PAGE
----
Chromosomes are coiled structures containing genes. They are the form in which DNA goes through cell division. Cell division in eukaryotic cells includes mitosis, in which the nucleus divides, and cytokinesis, in which the cytoplasm divides and daughter cells form. Mitosis has four phases: prophase, metaphase, anaphase, and telophase.
- CA.9–12.IE.1.d, CA.9–12.LS.1.c
- NSES.9–12.A.1.4; NSES.9–12.C.1.3, 4; NSES.9–12.C.2.1, 2
- AAAS.9–12.5.B.4; AAAS.9–12.5.C.4
- Describe chromosomes and their role in mitosis.
- Outline the phases of mitosis.
anaphase: third phase of mitosis, during which sister chromatids separate and move to opposite poles of the cell
centromere: region of sister chromatids where they are joined together
chromatid: one of two identical copies of a chromosome that are joined together at a centromere before a cell divides
chromatin: grainy material that DNA forms when it is not coiled into chromosomes
chromosome: coiled structure made of DNA and proteins containing sister chromatids that is the form in which the genetic material of a cell goes through cell division
gene: unit of DNA on a chromosome that is encoded with the instructions for a single protein
homologous chromosomes: pair of chromosomes that have the same size and shape and contain the same genes
metaphase: second phase of mitosis, during which chromosomes line up at the equator of the cell
prophase: first phase of mitosis, during which chromatin condense into chromosomes, the nuclear envelope breaks down, centrioles separate, and a spindle begins to form
telophase: last stage of mitosis, during which chromosomes uncoil to form chromatin, the spindle breaks down, and new nuclear membranes form
Check Your Understanding
Did you know that:
- The bacterium E. coli has one chromosome, a human has 46 chromosomes, and a species of field horsetail (a plant) has 216 chromosomes!
- If all of the nucleotide bases in all your chromosomes were spaced about 1 mm apart, they would spread from Memphis, Tennessee to Los Angeles, California (a distance of over 1600 miles)!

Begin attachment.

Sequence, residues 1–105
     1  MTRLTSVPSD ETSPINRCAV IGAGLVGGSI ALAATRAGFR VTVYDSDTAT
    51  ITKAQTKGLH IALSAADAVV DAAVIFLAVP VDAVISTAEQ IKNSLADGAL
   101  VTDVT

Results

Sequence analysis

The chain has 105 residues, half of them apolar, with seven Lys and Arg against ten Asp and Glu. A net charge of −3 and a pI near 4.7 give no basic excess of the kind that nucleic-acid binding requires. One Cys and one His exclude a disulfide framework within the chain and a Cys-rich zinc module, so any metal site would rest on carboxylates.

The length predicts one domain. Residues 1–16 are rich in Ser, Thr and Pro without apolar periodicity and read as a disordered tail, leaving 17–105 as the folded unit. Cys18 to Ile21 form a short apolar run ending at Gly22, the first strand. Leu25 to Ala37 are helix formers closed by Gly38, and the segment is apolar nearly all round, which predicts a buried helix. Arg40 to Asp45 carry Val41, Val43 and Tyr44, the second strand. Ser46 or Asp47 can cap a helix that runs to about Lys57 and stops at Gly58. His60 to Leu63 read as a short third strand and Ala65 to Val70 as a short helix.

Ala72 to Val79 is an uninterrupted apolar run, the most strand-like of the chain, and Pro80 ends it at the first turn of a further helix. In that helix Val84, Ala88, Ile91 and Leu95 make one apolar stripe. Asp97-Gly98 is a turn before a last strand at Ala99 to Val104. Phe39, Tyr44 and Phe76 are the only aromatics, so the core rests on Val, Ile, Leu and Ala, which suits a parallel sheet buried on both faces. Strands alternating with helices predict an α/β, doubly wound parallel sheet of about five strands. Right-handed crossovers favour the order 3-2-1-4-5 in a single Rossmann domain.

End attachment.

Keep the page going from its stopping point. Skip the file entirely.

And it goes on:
Introducing the Lesson
Introduce chromosomes by showing students a colorful human karyotype (see URLs below for examples). Call on volunteers to explain what the karyotype represents (a complete set of human chromosomes). Say that two copies of each of the 23 different human chromosomes must be present in each cell.
Ask: How do all those chromosomes divide properly during cell division so that each daughter cell gets a complete set? (Answers may vary.) Tell students they will learn how when they read this lesson.
Have students work through the phases of mitosis with the interactive animation at the URL below.
Visual learners and English language learners may benefit from the excellent video animation of mitosis at the URL below. They will be whisked inside a cell to see the colorful, dynamic interactions of chromosomes and other structures. The eerie, sci-fi music adds to the dramatic nature of the presentation. ELL
Ask a small group of students to create a three-dimensional model of mitosis. If they need inspiration, they can get a wide range of ideas at the URLs below. Give the group a chance to present the model to the class.
Assign the activity “The Process of Mitosis” at the URL below. Students will actively model the mitosis in the classroom with a few readily available materials.
Students may hold one of the following common misconceptions about chromosomes. Make sure they are aware of the correct information.
- The X-shaped structures seen during mitosis are “basic” (unreplicated) chromosomes. (No; they are condensed, replicated chromosomes consisting of two identical DNA double helices.)
- The X-shaped structures seen during mitosis are homologous chromosome pairs. (No; they are condensed, replicated chromosomes. Pairing of homologous chromosomes does not occur during mitosis.)
Reinforce and Review
Copy and distribute the lesson worksheets in the CK-12 Biology Workbook. Ask students to complete the worksheets alone or in pairs as a review of lesson content.
Have students answer the Review Questions listed at the end of the lesson in the FlexBook®.
Points to Consider
Cell division occurs not only as organisms grow. It also occurs when they reproduce.
- What role do you think cell division plays when prokaryotes such as bacteria reproduce?
- How do you think cell division is involved in the reproduction of eukaryotes such as humans?